Persistent Depressive Disorder (Dysthymia)
Mood Disorders are among the most common Psychological Disorders, and the risk of developing them is increasing worldwide, particularly in younger people. Mood disorders involve disabling disturbances in emotion-from the sadness of depression to the unrealistic elation and irritability of mania. Mood disorders in children are fundamentally similar to mood disorders in adults.
About Persistent Depressive Disorder (Dysthymia):
Persistent Depressive Disorder (Dysthymia) is defined as depressed mood that continues at least 2 years, during which the patient cannot be symptom free for more than 2 months at a time even though they may not experience all of the symptoms of a Major Depressive episode, Dysthymia considered more severe since patients with persistent depression present with higher rates of comorbidity with other mental disorders, are less responsive to treatment, and show a slower rate of improvement over time. In children and adolescents, mood can be irritable and duration must be at least 1 year. The Symptoms cause clinically significant distress or impairment in social, occupational, or other important areas of functioning.
1. Poor appetite or overeating.
2. Insomnia on hypersomnia.
3. Low Energy or fatigue.
4. Low Self-Esteem.
5. Poor concentration or difficulty making decisions.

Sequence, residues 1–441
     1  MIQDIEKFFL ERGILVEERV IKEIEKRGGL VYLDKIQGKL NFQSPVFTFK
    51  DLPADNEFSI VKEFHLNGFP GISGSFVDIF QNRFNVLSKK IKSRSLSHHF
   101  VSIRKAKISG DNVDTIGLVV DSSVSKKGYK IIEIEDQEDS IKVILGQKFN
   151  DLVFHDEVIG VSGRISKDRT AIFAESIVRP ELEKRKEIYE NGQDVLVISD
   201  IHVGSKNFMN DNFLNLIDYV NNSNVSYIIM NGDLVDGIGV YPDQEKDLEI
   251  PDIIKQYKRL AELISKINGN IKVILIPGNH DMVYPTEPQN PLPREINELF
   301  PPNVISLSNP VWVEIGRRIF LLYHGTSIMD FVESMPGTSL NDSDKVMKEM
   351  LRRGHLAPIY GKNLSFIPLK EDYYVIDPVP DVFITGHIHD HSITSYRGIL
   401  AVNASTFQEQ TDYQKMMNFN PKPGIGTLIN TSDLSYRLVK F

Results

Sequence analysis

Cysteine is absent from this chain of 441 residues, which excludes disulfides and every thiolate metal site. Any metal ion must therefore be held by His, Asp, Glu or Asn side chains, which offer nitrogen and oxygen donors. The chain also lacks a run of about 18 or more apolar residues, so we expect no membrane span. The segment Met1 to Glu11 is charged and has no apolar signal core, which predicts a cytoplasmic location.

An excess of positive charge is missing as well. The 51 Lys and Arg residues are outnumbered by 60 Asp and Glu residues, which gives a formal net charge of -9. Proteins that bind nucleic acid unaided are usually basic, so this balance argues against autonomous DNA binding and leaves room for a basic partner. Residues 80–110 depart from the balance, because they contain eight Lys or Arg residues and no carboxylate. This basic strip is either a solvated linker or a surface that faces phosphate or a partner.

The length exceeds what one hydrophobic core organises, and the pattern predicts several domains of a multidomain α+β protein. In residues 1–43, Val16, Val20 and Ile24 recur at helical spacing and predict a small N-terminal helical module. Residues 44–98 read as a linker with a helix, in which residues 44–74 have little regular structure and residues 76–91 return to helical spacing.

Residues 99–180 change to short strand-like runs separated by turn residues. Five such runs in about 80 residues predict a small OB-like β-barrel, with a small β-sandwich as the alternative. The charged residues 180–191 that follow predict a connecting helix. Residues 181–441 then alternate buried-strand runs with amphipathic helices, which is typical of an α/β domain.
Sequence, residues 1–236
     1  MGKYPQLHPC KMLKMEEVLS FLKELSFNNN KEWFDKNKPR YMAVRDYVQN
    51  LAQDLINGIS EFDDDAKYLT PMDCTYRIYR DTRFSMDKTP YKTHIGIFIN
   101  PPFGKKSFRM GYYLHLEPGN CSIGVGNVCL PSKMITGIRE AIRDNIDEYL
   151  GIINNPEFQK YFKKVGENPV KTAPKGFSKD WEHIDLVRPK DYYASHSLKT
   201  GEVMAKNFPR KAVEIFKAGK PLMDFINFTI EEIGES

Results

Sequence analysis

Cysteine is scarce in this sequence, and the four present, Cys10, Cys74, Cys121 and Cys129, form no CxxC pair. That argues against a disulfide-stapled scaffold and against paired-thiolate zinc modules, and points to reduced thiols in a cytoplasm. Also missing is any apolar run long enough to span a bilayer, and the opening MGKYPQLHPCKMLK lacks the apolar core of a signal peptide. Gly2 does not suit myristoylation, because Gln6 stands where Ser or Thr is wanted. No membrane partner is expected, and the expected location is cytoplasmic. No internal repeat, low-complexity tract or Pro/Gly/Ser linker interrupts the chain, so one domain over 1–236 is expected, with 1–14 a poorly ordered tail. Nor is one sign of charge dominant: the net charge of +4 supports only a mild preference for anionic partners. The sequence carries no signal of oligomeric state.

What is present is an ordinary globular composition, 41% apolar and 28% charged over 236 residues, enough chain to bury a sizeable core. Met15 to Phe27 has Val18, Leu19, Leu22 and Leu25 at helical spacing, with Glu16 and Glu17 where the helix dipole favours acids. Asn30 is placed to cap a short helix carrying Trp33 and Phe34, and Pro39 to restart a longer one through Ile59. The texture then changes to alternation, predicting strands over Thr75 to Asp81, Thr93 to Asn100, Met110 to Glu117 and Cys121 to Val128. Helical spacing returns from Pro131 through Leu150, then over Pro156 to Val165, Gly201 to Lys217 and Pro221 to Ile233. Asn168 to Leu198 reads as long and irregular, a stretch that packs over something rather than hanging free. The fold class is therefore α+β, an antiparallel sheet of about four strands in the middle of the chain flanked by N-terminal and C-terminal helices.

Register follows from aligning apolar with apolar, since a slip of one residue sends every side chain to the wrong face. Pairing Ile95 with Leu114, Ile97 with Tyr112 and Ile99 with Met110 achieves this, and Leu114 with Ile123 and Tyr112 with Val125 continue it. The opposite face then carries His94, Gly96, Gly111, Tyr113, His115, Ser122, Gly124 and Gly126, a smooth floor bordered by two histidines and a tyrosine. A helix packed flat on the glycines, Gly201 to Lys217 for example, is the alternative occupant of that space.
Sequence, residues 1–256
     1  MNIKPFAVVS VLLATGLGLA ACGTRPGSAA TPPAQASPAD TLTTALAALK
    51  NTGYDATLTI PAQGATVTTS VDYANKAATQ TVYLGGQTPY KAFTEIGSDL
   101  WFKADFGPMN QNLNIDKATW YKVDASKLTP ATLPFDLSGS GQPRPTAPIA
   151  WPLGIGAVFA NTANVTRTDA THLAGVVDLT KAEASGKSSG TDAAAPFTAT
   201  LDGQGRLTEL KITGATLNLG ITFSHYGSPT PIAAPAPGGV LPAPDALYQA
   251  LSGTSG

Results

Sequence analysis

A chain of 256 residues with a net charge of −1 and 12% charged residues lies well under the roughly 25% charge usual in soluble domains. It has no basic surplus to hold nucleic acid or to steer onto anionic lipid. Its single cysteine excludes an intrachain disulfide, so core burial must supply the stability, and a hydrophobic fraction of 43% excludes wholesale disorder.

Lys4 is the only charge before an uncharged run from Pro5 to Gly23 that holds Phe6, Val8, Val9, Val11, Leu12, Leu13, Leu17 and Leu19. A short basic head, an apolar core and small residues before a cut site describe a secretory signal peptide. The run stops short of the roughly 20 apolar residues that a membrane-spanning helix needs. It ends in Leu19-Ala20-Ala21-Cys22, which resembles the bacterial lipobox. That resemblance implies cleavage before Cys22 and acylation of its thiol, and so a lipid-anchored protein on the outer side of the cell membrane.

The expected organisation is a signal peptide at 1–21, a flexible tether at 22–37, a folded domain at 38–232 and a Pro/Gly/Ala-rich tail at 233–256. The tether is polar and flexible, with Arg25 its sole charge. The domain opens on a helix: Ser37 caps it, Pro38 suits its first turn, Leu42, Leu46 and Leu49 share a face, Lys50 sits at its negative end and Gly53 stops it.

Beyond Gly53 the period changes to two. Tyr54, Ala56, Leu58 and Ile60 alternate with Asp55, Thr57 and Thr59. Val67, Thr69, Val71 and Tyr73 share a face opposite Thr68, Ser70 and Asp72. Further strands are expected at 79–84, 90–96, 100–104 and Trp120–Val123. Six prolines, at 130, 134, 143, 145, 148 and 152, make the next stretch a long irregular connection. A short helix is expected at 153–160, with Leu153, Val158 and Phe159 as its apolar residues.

6. Feelings of Hopelessness.
Recent evidence identifies important Sub types of Persistent Depressive Disorder, mostly based on when Symptoms began. Although the typical age of onset has been estimated to be in the early, 20s, is associated with three characteristics: (1) Greater chronicity (it lasts longer), (2) Relatively poor prognosis (response to treatment) and (3) Stronger likelihood of the disorder running in the family of the affected Individuals. Persistent Depressive Disorder may last 20 to 30 yrs or more, although studies have reported a median duration of approximately 5 yrs in adults and 4 yrs in children.
Treatment for persistent depressive disorder is most effective and easiest when it’s started early. Most people are treated with a combination of these methods.
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V. Mark Durand, UNIVERSITY OF SOUTH FLORIDA- ST. PETERSBERG
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